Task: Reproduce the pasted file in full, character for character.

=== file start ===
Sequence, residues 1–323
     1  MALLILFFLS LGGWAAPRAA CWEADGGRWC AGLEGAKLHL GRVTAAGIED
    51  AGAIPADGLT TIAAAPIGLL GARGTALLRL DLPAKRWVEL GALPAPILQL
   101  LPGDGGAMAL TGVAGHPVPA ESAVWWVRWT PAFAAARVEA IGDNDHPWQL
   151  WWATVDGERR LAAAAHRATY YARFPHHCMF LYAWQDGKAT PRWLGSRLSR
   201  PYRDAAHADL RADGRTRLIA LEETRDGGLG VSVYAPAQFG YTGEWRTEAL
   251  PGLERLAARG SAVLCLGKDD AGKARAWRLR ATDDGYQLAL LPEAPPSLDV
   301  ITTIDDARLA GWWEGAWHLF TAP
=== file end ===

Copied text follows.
Sequence, residues 1–323
     1  MALLILFFLS LGGWAAPRAA CWEADGGRWC AGLEGAKLHL GRVTAAGIED
    51  AGAIPADGLT TIAAAPIGLL GARGTALLRL DLPAKRWVEL GALPAPILQL
   101  LPGDGGAMAL TGVAGHPVPA ESAVWWVRWT PAFAAARVEA IGDNDHPWQL
   151  WWATVDGERR LAAAAHRATY YARFPHHCMF LYAWQDGKAT PRWLGSRLSR
   201  PYRDAAHADL RADGRTRLIA LEETRDGGLG VSVYAPAQFG YTGEWRTEAL
   251  PGLERLAARG SAVLCLGKDD AGKARAWRLR ATDDGYQLAL LPEAPPSLDV
   301  ITTIDDARLA GWWEGAWHLF TAP